In a regular season filled with exceptionally difficult non-divisional matchups, the Green Bay Packers gained an enormous rare win on the West Coast with some late heroics. A final drive from Aaron Rodgers led to a game-winning field goal from Mason Crosby, finishing a hard-fought game in style for Green Bay.
While Rodgers’ valiant comeback efforts were covered in length following the victory, it was some of his mistakes in the drives leading up to the final plays that put the team in that position. Today’s musings recap those troubled possessions, while taking a look at a unique matchup within the Packers’ upcoming battle with slumping Pittsburgh.
Sunday is one of the few meetings between former Packers draft prospects TJ Watt and Kevin King — if they play
During the 2017 NFL Draft, the Green Bay Packers owned the 29th selection and were faced with an interesting scenario. There was a deep group of prospects still available at a variety of areas of need for Green Bay. The main contenders appeared to be Kevin King or TJ Watt - much needed defensive talent at cornerback and edge rusher. Would the team trade down or make a choice?
The result was trading the selection to Cleveland for the first pick of the second round. In the last draft of the late Ted Thompson’s career, the Packers valued the first pick of day two to re-examine their draft board before making their selection. Ultimately, Green Bay chose Kevin King to shore up their secondary after Watt was selected 30th overall. Fast forward to 2021 and Watt is one of the league’s premier pass rushers on a gigantic second contract. King, signed to a one-year deal in the offseason, is likely finishing up his final season in Green Bay after a short career filled with injuries, inconsistencies, and memorable big plays allowed.
Only once before, as rookies, have Watt and King faced off against each other. A reunion is up in the air. Both players were dealing with injuries last week - Watt hampered by a groin injury and King by a concussion. While Watt looks to be a go on Sunday at this point, King will probably be a game-time decision. As both players move in opposite directions in their careers, Sunday will be another unfortunate reminder of what could have been for Green Bay in 2017.
Aaron Rodgers’ comeback attempt was fantastic, but the Packers’ offensive possessions leading up to the final drive need to be recognized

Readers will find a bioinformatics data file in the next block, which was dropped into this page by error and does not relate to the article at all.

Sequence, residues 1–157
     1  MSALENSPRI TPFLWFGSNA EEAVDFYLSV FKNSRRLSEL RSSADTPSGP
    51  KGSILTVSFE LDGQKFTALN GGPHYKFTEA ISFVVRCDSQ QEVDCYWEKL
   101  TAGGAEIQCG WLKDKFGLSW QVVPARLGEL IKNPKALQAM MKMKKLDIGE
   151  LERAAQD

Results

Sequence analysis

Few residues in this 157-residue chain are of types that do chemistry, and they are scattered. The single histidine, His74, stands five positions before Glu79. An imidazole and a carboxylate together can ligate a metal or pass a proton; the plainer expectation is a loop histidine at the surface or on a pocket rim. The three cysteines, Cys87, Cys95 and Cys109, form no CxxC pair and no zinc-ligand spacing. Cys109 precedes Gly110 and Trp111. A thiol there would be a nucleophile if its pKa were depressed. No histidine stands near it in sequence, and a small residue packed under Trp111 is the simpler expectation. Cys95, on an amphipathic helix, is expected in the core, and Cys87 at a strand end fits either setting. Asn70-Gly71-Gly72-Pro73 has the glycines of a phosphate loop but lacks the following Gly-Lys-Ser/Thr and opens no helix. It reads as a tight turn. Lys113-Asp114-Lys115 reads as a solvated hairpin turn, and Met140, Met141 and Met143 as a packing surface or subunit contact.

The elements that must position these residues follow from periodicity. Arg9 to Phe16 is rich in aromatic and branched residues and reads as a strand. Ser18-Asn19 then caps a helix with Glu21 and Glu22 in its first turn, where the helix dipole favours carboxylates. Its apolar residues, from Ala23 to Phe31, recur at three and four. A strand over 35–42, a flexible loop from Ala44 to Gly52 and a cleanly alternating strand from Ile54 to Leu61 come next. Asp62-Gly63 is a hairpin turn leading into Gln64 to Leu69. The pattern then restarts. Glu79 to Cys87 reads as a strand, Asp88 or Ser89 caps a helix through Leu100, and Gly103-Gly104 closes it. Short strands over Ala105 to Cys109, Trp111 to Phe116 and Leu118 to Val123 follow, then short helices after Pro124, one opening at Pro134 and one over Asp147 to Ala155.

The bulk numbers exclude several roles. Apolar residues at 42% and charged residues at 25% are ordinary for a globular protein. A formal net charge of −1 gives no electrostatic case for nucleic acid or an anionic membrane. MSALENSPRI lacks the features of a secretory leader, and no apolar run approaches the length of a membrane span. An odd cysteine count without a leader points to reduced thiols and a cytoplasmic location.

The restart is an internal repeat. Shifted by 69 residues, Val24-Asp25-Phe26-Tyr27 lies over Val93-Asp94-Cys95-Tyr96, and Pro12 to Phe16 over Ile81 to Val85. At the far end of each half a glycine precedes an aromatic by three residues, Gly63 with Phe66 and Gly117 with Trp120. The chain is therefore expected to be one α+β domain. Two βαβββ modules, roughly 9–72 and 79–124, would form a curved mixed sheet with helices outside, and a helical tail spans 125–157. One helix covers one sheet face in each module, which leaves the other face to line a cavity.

The Packers’ win last weekend was jubilant, relieving, and a reversal of many similar scripts of years past in which Green Bay had failed to pull away and eventually given up its lead. A 37-second drive to earn the win adds to Rodgers’ career performances of note. However, if the quarterback and his offense had taken care of business on the previous two drives, the Packers would not have needed the rallying effort.
With under eight minutes to play in the fourth quarter, the Packers had a crucial opportunity to extend their three-point advantage. Starting from their own 25-yard line, they failed to gain a yard. Rodgers threw three straight deep passes. One was to Davante Adams in double coverage that could have been caught had a helmet-to-helmet collision not occurred. The next was an ill-advised, over-thrown ball to Marquez Valdes-Scantling in double coverage. And the final play was another deep pass to Adams after a timeout, in which Rodgers missed a window to hit Adams down the sideline. An extremely poor possession with low-percentage throws led to a punt.
After being lucky to recover a fumble on the ensuing San Francisco drive, the Packers then got the ball in 49ers territory at the 38-yard line. After effectively running the ball for three plays, the Packers were faced with a third-and-four. Again, a touchdown for Green Bay could have put the game almost out of reach with less than three minutes to play. Instead of focusing on getting the first down, Rodgers and the Packers were greedy again, attempting a deep back-shoulder throw to Adams down the sideline that fell incomplete. The field goal resulted in an opportunity for the 49ers to grab the lead on their next possession.
For the Packers, this has been a sight way-too-often seen the past several seasons. While being aggressive has its benefits, there are moments in which Green Bay clearly would have benefited from drawing up and executing high-percentage plays to achieve first downs. Green Bay was able to prevail Sunday night, but it was just another example of greedy, uncreative possessions nearly costing the Packers a win.
Don’t overlook the resiliency of Mike Tomlin and the Steelers
The start of the 2021 season for Pittsburgh has been a far cry from the team’s beginning to 2020 in which the Steelers cruised to an 11-0 record. After a miserable performance on both sides of the ball against Cincinnati, especially on offense, Pittsburgh dropped down power rankings among every major outlet this week. Still, if there is one thing learned about Mike Tomlin’s teams during his tenure as head coach, they are able to bounce back in time.
In 2019, Pittsburgh was in a similar situation, opening the season 0-3 and winning one of its first four games. The Steelers would still finish 8-8 that season with the help of a four-game winning streak starting in Week 6. They also began 1-2 during the 2014 and 2015 seasons before eventually closing with 10-6 and 11-5 records. The Ben Roethlisberger that the Packers will face this week is a shell of his former self during his prime. Still, there may be no one more motivated to silence the critics of the past week and atone for his mistakes than Roethlisberger. With talent on offense, including Najee Harris, Chase Claypool, and Juju Smith-Schuster, the Steelers are still dangerous for a Packers defense that struggled as last week’s game moved along.
Pittsburgh beat a good Buffalo team in Week 1. Coming off an exciting win, Green Bay cannot overlook a Steelers team that needs an emphatic rebound.